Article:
Today during kickboxing was the first time I had to leave the mat for more than blowing my nose. It was the first Fun Friday of this session and we were running the bags. As I was cruising down my line of bags, throwing my kicks and punches, I suddenly felt like I couldn’t breathe. My throat was closing like a fist, and I knew instantly what was happening.
I was having an emotional melt-down.
I left the mat and went into the bathroom, trying desperately to get control. It was unlike any melt-down I’ve had before. There were no tears, and I can only assume that’s because after sweating profusely for 30 minutes I didn’t have any to give. But the sobs where there, despite my dry eyes. Once I finally gained control, I went back out on the mat and started kicking and punching harder than I had before—because with my pain came anger.
After class, the emotional pain hit me again as I was stretching. I somehow made it until class was completely over and I made it back to the bathroom. I sat on the chair in the shower area thinking, “How can I explain this if anyone asks?” I thought it best to not give anyone that opportunity, so I dried my eyes (because this time a few tears did manage to accumulate) and went back out. I intended to just leave, but we have a small group that stays after class to do additional ab work. I didn’t want my emotional instability to get in my way any longer, so I joined the group on the mat. I made it through the exercises without additional incident, but people knew something wasn’t right with me.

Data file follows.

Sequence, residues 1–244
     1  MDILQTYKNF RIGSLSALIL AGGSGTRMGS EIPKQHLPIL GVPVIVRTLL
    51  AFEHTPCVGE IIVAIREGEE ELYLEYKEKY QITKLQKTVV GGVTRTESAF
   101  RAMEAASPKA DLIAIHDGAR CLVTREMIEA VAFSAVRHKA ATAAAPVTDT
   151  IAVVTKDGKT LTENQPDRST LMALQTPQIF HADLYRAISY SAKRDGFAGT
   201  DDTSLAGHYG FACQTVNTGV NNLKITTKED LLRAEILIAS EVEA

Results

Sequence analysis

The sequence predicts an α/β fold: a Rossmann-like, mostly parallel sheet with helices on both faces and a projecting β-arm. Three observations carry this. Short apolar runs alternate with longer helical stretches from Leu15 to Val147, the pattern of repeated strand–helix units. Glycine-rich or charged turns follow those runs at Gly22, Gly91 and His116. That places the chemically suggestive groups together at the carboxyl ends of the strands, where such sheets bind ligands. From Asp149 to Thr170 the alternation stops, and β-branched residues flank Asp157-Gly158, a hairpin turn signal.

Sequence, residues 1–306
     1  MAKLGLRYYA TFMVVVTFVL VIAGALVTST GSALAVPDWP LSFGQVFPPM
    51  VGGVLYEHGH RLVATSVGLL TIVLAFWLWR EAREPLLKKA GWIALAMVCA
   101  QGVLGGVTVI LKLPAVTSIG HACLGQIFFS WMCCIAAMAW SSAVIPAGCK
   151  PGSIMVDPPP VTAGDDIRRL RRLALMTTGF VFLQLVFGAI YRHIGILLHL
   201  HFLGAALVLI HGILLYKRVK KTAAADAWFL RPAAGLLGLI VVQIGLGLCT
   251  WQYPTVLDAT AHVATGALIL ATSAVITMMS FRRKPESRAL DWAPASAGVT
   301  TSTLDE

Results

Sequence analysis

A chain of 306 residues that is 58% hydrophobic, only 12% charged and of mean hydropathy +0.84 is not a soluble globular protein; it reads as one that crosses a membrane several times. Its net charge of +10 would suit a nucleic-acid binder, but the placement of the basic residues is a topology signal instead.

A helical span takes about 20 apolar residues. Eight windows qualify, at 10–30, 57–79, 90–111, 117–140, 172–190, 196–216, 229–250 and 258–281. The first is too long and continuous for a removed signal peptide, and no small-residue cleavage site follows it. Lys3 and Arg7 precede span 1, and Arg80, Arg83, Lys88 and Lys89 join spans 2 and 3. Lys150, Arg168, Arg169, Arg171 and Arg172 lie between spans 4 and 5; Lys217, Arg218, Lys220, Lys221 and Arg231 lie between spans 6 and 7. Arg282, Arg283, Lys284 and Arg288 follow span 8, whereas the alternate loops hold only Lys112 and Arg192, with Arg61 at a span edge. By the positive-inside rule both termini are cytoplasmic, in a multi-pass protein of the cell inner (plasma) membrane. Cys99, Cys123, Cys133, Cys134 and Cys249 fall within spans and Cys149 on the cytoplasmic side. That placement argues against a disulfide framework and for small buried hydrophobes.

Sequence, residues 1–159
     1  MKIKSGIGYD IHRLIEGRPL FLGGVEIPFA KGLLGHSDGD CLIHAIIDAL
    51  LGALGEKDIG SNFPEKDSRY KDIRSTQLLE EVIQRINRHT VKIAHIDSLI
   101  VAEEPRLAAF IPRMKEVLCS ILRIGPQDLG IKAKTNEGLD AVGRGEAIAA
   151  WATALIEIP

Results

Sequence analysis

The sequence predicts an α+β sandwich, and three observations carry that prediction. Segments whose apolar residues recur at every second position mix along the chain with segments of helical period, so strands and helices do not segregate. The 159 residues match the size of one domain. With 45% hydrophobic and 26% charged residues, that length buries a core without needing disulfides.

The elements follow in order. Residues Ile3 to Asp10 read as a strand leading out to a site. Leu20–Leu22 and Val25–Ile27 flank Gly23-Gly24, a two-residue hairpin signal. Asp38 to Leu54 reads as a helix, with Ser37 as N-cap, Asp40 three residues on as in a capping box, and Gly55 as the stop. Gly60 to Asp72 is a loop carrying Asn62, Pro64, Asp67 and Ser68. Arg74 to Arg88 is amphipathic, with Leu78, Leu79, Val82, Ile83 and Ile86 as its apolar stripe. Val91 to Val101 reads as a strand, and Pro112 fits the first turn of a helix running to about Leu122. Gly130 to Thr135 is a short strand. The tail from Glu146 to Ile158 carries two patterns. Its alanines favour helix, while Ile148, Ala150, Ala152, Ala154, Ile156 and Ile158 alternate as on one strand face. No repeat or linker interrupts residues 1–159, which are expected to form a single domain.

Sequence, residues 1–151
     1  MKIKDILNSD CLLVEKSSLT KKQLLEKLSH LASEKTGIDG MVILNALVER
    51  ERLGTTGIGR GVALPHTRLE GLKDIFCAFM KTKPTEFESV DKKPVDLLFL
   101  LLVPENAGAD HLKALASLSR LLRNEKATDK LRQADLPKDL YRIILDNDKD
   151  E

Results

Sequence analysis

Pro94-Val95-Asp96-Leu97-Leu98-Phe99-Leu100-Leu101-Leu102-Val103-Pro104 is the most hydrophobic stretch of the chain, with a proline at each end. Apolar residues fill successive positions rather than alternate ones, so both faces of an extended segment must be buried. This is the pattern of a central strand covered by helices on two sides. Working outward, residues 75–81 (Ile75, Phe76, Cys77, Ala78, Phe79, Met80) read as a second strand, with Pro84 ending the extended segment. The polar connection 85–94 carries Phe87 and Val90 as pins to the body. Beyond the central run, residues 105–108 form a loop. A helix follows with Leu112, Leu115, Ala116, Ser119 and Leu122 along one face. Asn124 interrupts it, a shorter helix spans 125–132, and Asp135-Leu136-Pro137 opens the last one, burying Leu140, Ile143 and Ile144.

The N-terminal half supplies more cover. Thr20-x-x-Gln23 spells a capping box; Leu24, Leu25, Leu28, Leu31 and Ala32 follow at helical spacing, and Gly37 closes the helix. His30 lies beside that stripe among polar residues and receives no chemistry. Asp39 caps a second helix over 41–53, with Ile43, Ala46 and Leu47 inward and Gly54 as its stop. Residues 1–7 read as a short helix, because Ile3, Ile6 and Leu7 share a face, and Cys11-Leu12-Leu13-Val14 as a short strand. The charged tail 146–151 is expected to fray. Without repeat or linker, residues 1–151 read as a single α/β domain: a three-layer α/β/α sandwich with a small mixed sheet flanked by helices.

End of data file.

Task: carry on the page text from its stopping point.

I told the first person who asked that it was hard to explain, and she accepted my response. I was able to say it without incident so it was left on the mat with her kind words making me feel less alone. However as I was walking out the door, trying to get outside quickly because I could feel it coming again, I was stopped. My wonderful friends knew something was wrong and they wanted to help. This time I couldn’t hold it in, and I knew I had to say something. Yet how could I explain? I didn’t really fully understand it myself.
So why the melt-down?
The simplest answer is that I was finally grieving over my fictional character, Angel.